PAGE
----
Australian Open 2020: Ashleigh Barty reignites hopes of first Aussie winner in 42 years in win over Petra Kvitova

  • Barty is is the first Aussie - male or female - to reach the semi-finals of Australian Open since Lleyton Hewitt in 2005

  • The Queenslander is the first Australian woman to reach the semi-finals at Melbourne Park since Wendy Turnbull in 1984

  • Barty, carrying Aussie hopes, next faces Sofia Kenin of USA who will be making her maiden slam semi-final appearance

A local winner of a Grand Slam is great for the tournament in terms of ticket sales, viewers on the TV and to bring the young ones to pick up the racquet. Mary Pierce is the only French woman to win the Roland Garros crown in over 50 years; no British woman has won at Wimbledon since 1977 when Virginia Wade lifted the title and now it is on Ashleigh Barty to end Aussie wait at Australian Open.

 Australian Open 2020: Ashleigh Barty reignites hopes of first Aussie winner in 42 years in win over Petra Kvitova

Ashleigh Barty next faces Sofia Kenin in the semi-finals of the Australian Open. AP

She came into the Melbourne Park with a quest to end the 42-year wait and is now within two wins of doing just that. Her 7-6, 6-2 win over Petra Kvitova on Tuesday highlighted her abilities and gave her title credentials a real push. She is the first Aussie - male or female - to reach the semi-finals of the Australian Open since Lleyton Hewitt in 2005. And Barty is the first Australian woman to reach the semi-finals at Melbourne Park since Wendy Turnbull in 1984.

A year ago, at this same stage in the tournament, Barty was thrashed and swept aside with utter ease by eventual finalist Kvitova. But a lot has happened since. 23-year-old Barty is now a Roland Garros champion, a former World No 1 and has well and truly taken over from Sam Stosur and carries home hopes across the board. Due respect to Alex de Minaur, Nick Kyrgios, John Millman and the rest but no one looks coming close to winning a Slam for Australia anywhere.

"It's been absolutely incredible. I knew that I had to bring my best today against Petra, and that first set was crucial," said Barty.

The first set against two-time Wimbledon winner Kvitova went all the way and needed Barty to be at her absolute best while riding on home support on Rod Laver Arena. She fought off five break points in the eighth game of the match.

With neither player able to break their way through on break point opportunities, the match went to a tiebreak where a shanked forehand long-handed 'Ash' the first set in 69 minutes.

The reaction to the set decided the tone for what was to come next: Barty, always down to earth and incredibly polite throughout, clenched her fist as the home crowd roared. Kvitova, meanwhile, tossed her racquet into the air.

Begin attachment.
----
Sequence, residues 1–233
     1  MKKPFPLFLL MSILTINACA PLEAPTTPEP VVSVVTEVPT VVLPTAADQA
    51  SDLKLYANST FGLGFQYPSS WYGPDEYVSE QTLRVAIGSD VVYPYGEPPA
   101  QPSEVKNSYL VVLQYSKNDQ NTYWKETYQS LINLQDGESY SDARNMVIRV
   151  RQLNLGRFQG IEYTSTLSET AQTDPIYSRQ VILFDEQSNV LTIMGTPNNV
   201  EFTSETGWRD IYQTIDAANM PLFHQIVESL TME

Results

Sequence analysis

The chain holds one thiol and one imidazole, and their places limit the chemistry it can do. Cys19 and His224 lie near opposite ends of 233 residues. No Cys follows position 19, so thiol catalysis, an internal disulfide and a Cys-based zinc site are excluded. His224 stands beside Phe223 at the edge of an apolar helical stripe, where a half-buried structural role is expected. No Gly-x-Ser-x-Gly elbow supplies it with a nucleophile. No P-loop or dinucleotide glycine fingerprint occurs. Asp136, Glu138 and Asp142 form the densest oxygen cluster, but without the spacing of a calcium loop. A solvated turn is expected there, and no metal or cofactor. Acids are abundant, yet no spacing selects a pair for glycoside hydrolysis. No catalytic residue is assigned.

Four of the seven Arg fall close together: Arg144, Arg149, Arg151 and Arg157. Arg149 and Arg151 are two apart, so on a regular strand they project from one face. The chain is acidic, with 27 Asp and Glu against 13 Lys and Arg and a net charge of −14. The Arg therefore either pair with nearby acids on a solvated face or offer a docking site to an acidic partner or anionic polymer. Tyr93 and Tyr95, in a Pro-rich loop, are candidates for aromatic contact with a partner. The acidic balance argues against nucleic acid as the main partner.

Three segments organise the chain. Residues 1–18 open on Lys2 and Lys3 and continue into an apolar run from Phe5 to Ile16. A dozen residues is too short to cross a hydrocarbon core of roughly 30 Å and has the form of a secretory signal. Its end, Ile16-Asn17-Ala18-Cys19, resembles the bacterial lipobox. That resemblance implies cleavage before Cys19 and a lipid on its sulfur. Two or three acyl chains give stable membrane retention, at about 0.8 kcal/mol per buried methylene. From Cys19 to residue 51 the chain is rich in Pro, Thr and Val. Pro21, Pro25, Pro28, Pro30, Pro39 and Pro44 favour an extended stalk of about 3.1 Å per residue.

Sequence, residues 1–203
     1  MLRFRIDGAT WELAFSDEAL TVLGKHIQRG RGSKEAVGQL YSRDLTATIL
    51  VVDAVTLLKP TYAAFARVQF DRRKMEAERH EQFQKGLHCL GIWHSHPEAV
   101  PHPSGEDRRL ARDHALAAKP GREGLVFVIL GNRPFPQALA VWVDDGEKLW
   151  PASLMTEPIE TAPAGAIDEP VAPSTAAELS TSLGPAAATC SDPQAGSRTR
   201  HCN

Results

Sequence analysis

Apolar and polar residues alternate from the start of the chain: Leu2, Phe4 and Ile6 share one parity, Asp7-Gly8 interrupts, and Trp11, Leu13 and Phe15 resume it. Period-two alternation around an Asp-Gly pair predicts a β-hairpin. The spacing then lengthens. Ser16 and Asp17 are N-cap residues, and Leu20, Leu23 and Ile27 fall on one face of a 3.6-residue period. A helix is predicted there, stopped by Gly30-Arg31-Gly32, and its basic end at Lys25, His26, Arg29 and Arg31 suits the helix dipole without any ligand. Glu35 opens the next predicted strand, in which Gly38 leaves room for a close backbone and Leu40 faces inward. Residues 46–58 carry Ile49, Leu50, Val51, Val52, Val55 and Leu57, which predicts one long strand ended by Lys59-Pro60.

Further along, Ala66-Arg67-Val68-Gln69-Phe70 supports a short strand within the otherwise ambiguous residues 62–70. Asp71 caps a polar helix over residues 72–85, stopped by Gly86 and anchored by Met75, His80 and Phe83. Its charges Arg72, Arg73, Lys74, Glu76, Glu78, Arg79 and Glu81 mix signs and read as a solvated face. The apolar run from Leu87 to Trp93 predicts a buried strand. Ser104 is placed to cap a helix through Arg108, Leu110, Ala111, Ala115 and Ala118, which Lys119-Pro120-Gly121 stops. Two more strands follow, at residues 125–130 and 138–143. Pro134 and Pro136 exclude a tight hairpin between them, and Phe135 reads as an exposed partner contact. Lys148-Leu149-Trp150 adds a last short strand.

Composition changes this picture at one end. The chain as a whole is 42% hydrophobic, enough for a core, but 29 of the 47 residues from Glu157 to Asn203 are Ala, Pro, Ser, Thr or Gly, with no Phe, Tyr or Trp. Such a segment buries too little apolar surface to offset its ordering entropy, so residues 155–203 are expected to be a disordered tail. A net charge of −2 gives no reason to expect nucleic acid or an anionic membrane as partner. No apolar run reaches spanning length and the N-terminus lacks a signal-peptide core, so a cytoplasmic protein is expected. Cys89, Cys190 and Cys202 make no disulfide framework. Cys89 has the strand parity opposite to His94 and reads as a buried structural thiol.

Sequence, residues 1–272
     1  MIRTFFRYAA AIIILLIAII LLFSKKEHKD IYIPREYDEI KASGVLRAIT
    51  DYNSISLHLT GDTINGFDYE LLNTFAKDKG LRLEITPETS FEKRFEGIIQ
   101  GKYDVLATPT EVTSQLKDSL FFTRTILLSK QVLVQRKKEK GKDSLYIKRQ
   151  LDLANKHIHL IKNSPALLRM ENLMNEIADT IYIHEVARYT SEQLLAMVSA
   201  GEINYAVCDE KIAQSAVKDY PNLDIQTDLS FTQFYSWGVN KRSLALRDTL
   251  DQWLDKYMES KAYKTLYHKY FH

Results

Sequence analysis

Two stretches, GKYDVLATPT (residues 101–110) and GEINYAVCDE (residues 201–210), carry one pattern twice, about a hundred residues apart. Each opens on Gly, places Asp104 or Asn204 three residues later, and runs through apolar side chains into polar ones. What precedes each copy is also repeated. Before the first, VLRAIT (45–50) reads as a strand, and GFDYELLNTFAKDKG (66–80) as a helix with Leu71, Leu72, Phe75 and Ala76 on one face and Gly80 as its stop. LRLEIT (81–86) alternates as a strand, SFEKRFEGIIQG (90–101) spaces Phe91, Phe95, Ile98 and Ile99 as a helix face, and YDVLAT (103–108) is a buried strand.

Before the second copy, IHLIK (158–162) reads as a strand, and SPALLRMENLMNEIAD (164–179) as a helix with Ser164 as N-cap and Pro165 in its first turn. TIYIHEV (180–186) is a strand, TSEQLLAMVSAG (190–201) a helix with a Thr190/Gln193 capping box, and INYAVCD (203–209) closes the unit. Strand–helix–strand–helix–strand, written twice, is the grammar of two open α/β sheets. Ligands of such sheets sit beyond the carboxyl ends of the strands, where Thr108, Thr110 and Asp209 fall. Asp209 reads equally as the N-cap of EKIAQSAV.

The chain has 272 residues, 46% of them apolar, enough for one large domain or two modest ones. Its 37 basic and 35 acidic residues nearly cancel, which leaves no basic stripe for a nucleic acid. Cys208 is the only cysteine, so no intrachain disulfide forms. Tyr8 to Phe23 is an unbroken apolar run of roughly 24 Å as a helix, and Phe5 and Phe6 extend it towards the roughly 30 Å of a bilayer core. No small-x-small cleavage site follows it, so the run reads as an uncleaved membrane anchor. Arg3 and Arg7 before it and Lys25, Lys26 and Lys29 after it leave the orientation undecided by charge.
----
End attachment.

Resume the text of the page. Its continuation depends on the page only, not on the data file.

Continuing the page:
Just over half an hour later, following back-to-back breaks and another in the seventh game, Barty sealed the deal as the sun beat down in Melbourne. It took saving two break points before twin aces got the job done and a matchup against Sofia Kenin was set. The American, who beat Ons Jabeur 6-4, 6-4, will be making her maiden Slam semi-finals.

Home crowd can be a boon as well as a bane. It can result in undue, added pressure or it can be a booster to get out of a messy situation. At the Fed Cup final in Perth against France, Barty couldn't contain the pressure of home crowd and surprisingly lost to Kristina Mladenovic in the singles and then in the decisive doubles alongside Stosur. On the other side, there have been numerous situations where a home crowd or loud support can push players on: Just ask the Greeks and Cypriots in Melbourne.

Australia's Ashleigh Barty, right, is congratulated by Petra Kvitova of the Czech Republic after winning their quarterfinal match at the Australian Open tennis championship in Melbourne, Australia, Tuesday, Jan. 28, 2020. (AP Photo/Andy Brownbill)

Ashleigh Barty (R) beat Petra Kvitova (L) in straight sets in the quarters of Australian Open. AP

For Ash, the challenge is not just about what has happened in the past but also what comes next, for her personally and for Australia. “Year in, year out, it’s about trying to be consistent every single match, trying to be present every single match, not thinking about what’s happened before, not thinking about what’s to come. It’s just about trying to do the best you can on that given day," she had said this past week.

“Look, we’re all human,” she added. “We’re not going to be 100 percent every single day. We’re not going to win every single time. All you can try and do is put your best foot forward, regardless of you’re playing in Australia or all around the world.”

The 2020 Young Australian of the Year has had a rollercoaster ride thus far. She fought back from a set down to beat Lesia Tsurenko in the opening round, then comfortably saw off Polona Hercog before delivering a third-round masterclass against a dangerous Elena Rybakina. In the third, she had to survive Alison Riske's fightback before making it four straight wins against Kvitova, thus levelling their head-to-head at 4-4.

"I'd just prefer to be sitting at home just living my quiet, little life. No offence but not chatting to you guys everyday would be pretty good! I feel like I have nothing to say and I'm talking in circles a little bit. But it's part of the journey that I've hated and love it so it is all in good fun," said Barty in the post-match press conference.

Barty can keep the bout of happy press interactions going for two more days, at least, for Australia's sake and she won't mind it one bit.

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Updated Date: Jan 28, 2020 14:08:00 IST